Women dentists urged to take more leadership roles

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More women are needed to fill leadership positions within the ranks of the ADA and elsewhere -- especially given that female enrollment in U.S. dental schools is projected to top 50% in the "very near term," according to Kathleen O'Loughlin, DMD, executive director of the ADA.

Speaking in Denver on July 16 at the inaugural gathering of Ladies in the Loupe, a new Colorado Dental Association (CDA) discussion forum dedicated to exploring issues important to women dentists, Dr. O'Loughlin called for more proactive leadership by female dental professionals.

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Kathleen O'Loughlin, DMD, executive director of the ADA.

"This is really serious because you are 50% of the profession, coming up," said Dr. O'Loughlin, the first female director of the ADA. "It's under-representation that will hurt us in the next 10 to 20 years."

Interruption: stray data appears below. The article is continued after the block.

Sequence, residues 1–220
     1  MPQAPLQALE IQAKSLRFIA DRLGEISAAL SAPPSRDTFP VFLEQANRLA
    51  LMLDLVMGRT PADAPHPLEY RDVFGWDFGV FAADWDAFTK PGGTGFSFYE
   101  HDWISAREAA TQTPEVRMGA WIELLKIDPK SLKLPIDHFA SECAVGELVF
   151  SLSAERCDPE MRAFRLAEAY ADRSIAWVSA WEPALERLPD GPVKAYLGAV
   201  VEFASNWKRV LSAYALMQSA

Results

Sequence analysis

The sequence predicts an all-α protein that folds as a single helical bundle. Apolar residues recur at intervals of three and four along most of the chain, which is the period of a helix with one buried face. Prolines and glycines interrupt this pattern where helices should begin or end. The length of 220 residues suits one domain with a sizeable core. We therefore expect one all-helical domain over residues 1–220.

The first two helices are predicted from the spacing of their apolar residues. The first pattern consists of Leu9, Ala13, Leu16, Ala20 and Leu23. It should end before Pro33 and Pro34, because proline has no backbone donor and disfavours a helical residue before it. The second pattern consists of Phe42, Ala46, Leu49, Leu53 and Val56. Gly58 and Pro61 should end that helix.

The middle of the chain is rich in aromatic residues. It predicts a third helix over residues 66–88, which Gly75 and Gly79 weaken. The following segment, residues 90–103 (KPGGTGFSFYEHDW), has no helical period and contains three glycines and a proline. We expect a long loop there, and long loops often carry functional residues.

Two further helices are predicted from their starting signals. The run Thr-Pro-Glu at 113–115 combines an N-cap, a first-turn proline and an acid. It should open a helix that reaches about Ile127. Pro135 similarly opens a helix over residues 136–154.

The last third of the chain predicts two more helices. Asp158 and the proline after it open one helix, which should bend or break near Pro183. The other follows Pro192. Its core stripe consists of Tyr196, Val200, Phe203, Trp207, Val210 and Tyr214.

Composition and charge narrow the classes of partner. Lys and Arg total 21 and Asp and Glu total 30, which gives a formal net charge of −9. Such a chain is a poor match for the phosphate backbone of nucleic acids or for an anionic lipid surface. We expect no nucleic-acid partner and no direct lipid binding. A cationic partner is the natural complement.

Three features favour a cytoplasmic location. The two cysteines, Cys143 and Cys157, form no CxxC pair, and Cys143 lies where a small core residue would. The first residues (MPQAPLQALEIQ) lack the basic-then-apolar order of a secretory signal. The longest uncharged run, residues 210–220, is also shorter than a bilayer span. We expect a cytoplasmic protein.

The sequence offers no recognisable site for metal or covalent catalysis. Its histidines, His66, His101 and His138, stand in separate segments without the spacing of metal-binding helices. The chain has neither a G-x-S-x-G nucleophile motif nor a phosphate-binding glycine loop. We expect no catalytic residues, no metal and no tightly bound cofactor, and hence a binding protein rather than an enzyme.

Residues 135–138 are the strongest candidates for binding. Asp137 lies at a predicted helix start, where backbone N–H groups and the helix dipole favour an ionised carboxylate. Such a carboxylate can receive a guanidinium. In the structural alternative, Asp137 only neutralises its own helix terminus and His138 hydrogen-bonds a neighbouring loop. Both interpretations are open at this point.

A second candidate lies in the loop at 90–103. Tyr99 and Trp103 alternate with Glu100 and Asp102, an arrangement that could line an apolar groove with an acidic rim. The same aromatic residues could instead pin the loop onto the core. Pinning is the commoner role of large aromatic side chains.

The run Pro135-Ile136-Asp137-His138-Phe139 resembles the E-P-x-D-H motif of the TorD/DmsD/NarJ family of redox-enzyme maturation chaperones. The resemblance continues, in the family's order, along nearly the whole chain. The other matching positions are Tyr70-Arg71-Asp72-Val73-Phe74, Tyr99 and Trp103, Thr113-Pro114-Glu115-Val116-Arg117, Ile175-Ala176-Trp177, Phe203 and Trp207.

Proof of dentistry's current gender imbalances are easy enough to see, Dr. O'Loughlin stressed. For example, the ADA House of Delegates currently has only about 155 female delegates out of 946 delegates in 17 ADA districts, she noted.

"That's not good enough," she said. "I'm encouraging every single district to represent not only our profession, but our population. We are performing woefully in terms of women and diverse minority delegates."

Such inequities threaten to discount the unique perspective women bring to the table, especially regarding issues such as work-life balance and flexible scheduling, she added. But there's more to the gender story than that: Research has shown that productivity increases when women are added to all-male executive management teams. And findings just published in the Harvard Business Review (July-August 2011, Vol. 89:7/8, pp. 68-110) suggest that human nature is more naturally attuned to collaboration within the work setting than it is to competitive spirit -- an attitude that dovetails nicely with the nurturing quality that many women dentists bring to their routines.

'You can't be a victim'